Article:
There are several types of OCD symptoms; two individuals with OCD can look quite different from one another.  The most common groups of symptoms are anxiety about dirt or germs, accompanied by excessive cleaning; fears of violence or harm, associated with compulsive double-checking or with superstitious rituals; and discomfort with things being disordered or asymmetrical, accompanied by compulsive sorting, ordering, and arranging.

There are a number of other conditions that are thought of as being related to OCD but as importantly distinct.  These include compulsive hoarding; compulsive skin-picking and hair-pulling; repetitive patterns of movement such as are seen in tic disorders; and irrational concerns with particular aspects of one’s appearance, which are seen in a condition known as body dysmorphic disorder.

What causes OCD?

The short answer is that, as is the case for almost all psychiatric disesaes, we don’t yet know what causes OCD.  It is likely to be a complex interaction between genes, other biological factors, life history, and particular stresses.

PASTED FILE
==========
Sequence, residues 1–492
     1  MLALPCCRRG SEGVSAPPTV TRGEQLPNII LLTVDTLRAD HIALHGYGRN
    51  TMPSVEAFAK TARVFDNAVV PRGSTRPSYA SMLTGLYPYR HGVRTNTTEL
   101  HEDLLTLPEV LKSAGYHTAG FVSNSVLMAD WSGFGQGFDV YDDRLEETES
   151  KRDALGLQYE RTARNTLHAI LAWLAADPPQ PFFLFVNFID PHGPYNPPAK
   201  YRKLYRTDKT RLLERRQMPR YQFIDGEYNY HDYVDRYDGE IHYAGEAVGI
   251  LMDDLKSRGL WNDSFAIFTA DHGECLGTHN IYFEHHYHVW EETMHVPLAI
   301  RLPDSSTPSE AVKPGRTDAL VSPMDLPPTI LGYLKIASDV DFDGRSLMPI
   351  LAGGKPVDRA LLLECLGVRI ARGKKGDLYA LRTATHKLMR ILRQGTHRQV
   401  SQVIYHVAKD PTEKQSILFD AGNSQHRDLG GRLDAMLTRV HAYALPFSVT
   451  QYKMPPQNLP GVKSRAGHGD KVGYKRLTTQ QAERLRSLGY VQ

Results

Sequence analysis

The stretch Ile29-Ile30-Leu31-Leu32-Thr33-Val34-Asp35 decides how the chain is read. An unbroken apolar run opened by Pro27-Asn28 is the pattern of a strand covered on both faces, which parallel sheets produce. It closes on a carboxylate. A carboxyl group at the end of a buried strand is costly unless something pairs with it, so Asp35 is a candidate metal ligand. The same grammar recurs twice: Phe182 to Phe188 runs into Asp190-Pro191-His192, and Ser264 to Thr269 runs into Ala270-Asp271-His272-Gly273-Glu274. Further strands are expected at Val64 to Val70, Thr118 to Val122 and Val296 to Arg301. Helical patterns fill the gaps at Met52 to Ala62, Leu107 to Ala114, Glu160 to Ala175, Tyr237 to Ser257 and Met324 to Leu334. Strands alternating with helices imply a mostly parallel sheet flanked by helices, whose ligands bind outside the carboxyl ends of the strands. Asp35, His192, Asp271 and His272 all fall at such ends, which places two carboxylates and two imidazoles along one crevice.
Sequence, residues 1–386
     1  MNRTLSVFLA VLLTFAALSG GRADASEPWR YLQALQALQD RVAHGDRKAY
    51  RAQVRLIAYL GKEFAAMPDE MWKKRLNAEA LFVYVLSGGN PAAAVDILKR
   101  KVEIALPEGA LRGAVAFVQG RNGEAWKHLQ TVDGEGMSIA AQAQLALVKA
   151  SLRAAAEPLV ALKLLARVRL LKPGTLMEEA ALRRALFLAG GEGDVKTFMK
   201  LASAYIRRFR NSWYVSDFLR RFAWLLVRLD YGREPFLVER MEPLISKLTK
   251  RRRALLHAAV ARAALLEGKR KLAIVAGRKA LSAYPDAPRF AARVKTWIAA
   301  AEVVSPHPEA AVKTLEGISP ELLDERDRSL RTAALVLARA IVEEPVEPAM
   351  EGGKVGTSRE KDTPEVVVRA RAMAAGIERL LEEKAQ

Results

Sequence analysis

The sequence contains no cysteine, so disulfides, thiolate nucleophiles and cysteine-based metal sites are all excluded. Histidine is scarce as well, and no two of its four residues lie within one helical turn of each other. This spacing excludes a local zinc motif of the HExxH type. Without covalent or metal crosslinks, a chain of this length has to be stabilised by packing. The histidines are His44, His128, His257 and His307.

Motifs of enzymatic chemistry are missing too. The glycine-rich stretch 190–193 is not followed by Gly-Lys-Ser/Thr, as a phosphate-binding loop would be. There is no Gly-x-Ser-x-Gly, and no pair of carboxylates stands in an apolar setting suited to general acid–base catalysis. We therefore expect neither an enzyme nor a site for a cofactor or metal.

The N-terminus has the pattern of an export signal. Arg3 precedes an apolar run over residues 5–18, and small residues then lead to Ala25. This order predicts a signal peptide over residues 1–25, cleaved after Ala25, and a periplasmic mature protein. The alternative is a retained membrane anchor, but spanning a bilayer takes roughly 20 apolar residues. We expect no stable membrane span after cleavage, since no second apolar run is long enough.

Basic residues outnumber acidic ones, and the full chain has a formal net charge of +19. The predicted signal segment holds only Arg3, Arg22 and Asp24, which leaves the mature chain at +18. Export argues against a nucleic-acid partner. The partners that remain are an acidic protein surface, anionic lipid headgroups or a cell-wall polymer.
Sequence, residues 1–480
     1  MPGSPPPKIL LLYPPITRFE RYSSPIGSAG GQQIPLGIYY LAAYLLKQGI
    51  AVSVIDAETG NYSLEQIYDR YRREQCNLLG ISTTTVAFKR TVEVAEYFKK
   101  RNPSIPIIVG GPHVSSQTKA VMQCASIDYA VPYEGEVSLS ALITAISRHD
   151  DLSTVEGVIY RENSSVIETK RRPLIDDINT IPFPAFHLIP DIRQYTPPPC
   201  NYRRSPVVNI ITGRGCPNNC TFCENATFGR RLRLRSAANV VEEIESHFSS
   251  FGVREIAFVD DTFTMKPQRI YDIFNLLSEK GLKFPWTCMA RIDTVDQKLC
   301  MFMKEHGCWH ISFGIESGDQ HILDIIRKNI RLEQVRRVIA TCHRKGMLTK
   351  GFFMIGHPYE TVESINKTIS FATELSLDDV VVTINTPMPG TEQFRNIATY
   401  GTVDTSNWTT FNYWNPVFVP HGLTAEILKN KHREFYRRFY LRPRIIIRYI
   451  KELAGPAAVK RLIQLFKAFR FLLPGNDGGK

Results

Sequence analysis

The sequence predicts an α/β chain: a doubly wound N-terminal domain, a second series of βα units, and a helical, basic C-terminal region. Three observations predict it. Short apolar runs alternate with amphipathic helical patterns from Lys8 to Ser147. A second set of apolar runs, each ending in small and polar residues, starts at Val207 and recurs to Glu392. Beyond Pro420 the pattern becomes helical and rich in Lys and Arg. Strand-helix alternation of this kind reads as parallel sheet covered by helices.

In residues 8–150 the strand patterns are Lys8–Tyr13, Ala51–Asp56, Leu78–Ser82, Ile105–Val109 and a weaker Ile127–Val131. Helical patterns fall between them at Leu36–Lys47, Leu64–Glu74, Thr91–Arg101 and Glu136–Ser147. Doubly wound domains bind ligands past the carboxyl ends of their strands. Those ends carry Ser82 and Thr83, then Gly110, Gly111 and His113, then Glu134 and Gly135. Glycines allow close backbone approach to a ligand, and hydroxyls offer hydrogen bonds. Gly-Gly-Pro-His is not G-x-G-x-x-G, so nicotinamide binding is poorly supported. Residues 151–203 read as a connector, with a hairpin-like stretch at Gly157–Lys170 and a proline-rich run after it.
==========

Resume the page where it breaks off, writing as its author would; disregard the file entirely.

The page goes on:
It is clear that OCD can run in families. Researchers are actively searching genetic variations that may help explain why one person gets OCD and another does not. Genes are not the whole story, though: even identical twins, who have identical genetic material, can differ, with one having OCD and the other not.  The best current estimate is that about 40% of the risk for OCD comes from the genes.

Environmental causes of OCD have been difficult to pin down. Stressful life events can cause symptoms to appear or to worsen; in some cases it may be that they actually cause OCD in a susceptible person, but it is more likely in most cases that they trigger or worsen a condition that was already there. Hormonal fluctuations may also influence OCD.  The illness commonly starts during adolescence, and some women report symptoms worsening with their menstrual cycle or around the time of pregnancy.  Some cases, especially among children, may be related to an autoimmune reaction to infection.  However, this appears to be rare.  The precise mechanism whereby an immune reaction may lead to OCD symptoms has been difficult to pin down, and a connection remains difficult to establish in most individual cases.